This is starkly reflected in the statistics, which indicate that people from black and minority ethnic backgrounds are at least twice as likely to die from Covid-19 than their white counterparts. The reasons are clear enough: due to centuries of institutionalised racism, BAME people are more likely to be in low-paid work that’s continuing through the lockdown, more likely to suffer from long term exposure to air pollution, and more likely to suffer from the various underlying illnesses that are associated with poverty and which are linked with higher susceptibility to Covid-19.
Has the government effectively decided that a herd immunity strategy based on a disproportionately low-income and BAME herd is a pragmatic response to the pandemic? The evidence seems to point in that direction.
With the public increasingly angry and upset, it’s inevitable that some UK ministers will emulate their counterparts in the US and simply blame China for the problem. For example Tory committee chairman Tom Tugendhat has gone so far as to say that the Chinese authorities “manipulated vital information about the virus in order to protect the regime’s image”.
We must demand that the government stop looking for scapegoats and instead urgently and immediately focus all its efforts on saving lives. This means securing full PPE for health workers, mandating companies to produce it if necessary. It means implementing testing for all health workers, everyone displaying symptoms, and any key workers that aren’t on lockdown.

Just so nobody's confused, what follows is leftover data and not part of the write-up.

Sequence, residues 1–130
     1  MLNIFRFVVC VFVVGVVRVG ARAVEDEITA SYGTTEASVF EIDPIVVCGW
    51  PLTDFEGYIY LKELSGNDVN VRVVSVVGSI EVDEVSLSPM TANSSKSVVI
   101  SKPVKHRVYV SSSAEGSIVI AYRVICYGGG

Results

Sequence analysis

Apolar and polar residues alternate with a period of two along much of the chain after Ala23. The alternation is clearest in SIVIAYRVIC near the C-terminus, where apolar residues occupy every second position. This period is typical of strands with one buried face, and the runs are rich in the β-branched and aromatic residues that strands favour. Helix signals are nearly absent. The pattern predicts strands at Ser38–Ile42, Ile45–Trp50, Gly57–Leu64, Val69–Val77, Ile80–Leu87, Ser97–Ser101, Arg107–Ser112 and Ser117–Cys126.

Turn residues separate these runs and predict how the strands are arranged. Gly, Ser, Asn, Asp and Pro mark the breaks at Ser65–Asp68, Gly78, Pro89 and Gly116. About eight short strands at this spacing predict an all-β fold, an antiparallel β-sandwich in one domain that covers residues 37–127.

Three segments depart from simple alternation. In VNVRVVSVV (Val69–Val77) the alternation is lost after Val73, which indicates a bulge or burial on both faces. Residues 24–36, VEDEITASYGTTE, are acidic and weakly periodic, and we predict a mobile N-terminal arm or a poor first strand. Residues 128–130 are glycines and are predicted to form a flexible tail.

It also means extending the lockdown to include non-essential workers. The fact is that lockdown is horrific for a lot of people. It’s driving poverty and unemployment, not to mention depression and social isolation. The solution to this isn’t to end the lockdown prematurely, tempting though that clearly is. Doing so would lead to tens of thousands of extra deaths, and the victims would disproportionately be ethnic minority and low-income workers. Therefore we need to keep the lockdown in place until the new case numbers are negligible, but this must be accompanied by proper and immediate compensation – an obvious starting point is a monthly bank transfer to everyone suffering reduced income. This is certainly affordable. Banks have been bailed out, and now the people must be.